The History of the Truefolk
Age of Chaos and Beyond: The Journey of the
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As the Paradis halflings left the blasted battlefields of Maelshyve
and their mourning brethren, they proceeded west, beyond the great
forests of the Elves, through a countryside that was bleak and burning
hot. They endured great hardships, not the least of which was despair
at the loss of their families and homeland.
The halflings built their gers from saplings laced together
with leather thongs. The rafters were usually painted or in
some instances, were plain. Felt was used for the walls and
The Parts of the Ger
The key parts of the ger are as follows:
The khana, or walls. The walls are criss-crossed lattices
that open out or fold flat. Most of the halflings build two
sections of khana and lace them together as part of setting
the ger up.
The door frame. The ends of the khana are attached
to the door frame in some fashion, usually tied.
The rafters. Rafters notch into the top of the khana
at one end and into the roof ring at the other. (Two rafters
are designed to sit on top of the door frame.) Any given rafter
bears only a small part of the weight.
The roof ring or "Eye of the Father". This
goes in the center and has slots for rafters to fit into.
The fit is tight to prevent the ring from twisting. Once the
ring is in place, no center supports are needed.
The belly bands. Two bands are wrapped around the
outside of the khana to prevent the rafters, which are pushing
down, from pressing the khana farther open. One band goes
around at the top and one midway up the wall.
There are additional pieces, notably the felt and the rope
or leather thongs that hold the felt walls up, but they are
Centuries became millennia as the Paradis halflings slowly meandered
westward, around the southern tip of the DragonSpine, continuing
northward in their seemingly endless search for a home, while every
season some would settle as they grew weary of their constant trekking.
As the rovers continued, the land grew more temperate. Meadows were
rich with crops and orchards gave the halflings their bounty. However,
as the travelers ventured northward, the land became arid, and soon
the halflings found themselves at the edge of a dune-swept desert.
The Paradis passed through a great desert. Therein, they met a
tall people who lived in graceful tents and rode strange hump-backed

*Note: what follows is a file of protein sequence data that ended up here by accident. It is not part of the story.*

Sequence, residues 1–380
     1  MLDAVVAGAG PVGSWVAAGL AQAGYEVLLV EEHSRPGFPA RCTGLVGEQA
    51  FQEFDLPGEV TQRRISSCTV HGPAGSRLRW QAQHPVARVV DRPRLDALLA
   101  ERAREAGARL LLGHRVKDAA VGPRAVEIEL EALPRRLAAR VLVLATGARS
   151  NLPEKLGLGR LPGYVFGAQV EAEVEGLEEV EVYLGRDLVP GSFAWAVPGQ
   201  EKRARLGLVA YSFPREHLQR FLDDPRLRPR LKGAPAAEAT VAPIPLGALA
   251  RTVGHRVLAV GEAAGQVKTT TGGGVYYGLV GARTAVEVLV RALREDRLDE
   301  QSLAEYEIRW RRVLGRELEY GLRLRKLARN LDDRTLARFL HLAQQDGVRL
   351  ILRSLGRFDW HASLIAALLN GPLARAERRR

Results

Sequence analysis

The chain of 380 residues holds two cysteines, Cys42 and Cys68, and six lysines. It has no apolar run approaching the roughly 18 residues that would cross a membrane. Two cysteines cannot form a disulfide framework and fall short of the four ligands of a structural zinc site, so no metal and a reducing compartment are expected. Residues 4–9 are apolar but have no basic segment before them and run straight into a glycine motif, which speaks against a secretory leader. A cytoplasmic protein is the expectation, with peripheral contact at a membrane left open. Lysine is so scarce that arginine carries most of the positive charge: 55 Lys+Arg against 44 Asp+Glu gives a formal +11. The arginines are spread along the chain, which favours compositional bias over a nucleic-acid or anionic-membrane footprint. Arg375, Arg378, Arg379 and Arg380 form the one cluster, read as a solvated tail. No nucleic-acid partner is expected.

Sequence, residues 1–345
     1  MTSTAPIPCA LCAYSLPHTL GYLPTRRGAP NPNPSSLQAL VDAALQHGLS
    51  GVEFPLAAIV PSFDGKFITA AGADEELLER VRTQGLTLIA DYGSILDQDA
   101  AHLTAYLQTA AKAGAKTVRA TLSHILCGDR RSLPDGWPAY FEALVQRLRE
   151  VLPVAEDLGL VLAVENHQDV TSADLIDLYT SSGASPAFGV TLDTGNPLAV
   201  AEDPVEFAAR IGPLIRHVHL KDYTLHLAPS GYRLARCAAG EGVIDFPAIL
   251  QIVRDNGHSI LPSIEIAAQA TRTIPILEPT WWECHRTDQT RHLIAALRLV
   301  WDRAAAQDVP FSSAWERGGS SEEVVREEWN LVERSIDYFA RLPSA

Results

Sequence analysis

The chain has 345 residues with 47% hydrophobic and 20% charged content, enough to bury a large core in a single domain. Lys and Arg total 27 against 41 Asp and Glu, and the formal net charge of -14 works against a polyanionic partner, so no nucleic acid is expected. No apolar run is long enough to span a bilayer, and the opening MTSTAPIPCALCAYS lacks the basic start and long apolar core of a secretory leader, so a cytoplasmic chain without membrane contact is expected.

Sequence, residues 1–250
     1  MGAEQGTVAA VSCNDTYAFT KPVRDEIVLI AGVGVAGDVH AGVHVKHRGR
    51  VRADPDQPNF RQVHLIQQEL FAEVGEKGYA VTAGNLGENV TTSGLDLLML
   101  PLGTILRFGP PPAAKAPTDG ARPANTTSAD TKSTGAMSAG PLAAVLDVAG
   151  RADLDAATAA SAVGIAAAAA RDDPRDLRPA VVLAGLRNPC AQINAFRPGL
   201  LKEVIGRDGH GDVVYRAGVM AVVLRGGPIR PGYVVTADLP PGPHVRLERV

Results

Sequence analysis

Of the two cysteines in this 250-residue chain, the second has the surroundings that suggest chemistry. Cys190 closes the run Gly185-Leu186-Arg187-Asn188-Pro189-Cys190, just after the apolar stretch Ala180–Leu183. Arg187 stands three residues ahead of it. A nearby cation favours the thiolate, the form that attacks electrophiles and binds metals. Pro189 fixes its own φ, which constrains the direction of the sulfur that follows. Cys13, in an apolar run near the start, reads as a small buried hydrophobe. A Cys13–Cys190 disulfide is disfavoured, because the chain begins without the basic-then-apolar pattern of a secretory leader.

beasts. These nomads reminded the halflings of their Mhoragian kin.
The halflings felt at home with the generous nomads and stayed with
the desert people in their expansive, gaily-striped tents for six
years. They were taught to find water hidden by sand and the art
of navigating the ever-shifting dunes of the desert. And in return,
they shared their spicy tribal food dishes with the nomads, as well
as their rich traditional songs.
Finally, the halflings bade their hosts farewell, and the nomads
were sorry to lose the company of the kindly, short people from
the lands of the rising sun. They accompanied the halflings to the
far edge of the intractable wasteland, seeing to it that their little
friends did not lose their way and perish.
As the Truefolk moved ever north, they began to see trees and in
time, were journeying through a vast, old growth forest. Reminded
of their Brughan kin and the beautiful forest surrounding Khesta
'Dahl, the halflings found themselves too sorrowful to go further.
They made a camp and there, spent a number of months composing new
songs and singing old ones in tribute to the Brughan families they
missed so desperately. The forest yielded game and succulent berries
and roots, and a cold stream was found not too distant. The gers
were pitched between tree-trunks so immense that the round tents
resembled mushrooms crouching at the foot of the leviathans.
As the days and weeks passed, halfling children among the Paradis
spoke of seeing shadowy folk watching them from the dense foliage.
The older Paradis regarded this as a pleasant game and encouraged
the children in the imaginative fantasy. Finally, a delegation of
tall, beautiful folk materialized out of the underbrush, and approached
the Paradis, who were surprised and quite amused by such a turn
of events. The strangers attempted to communicate using graceful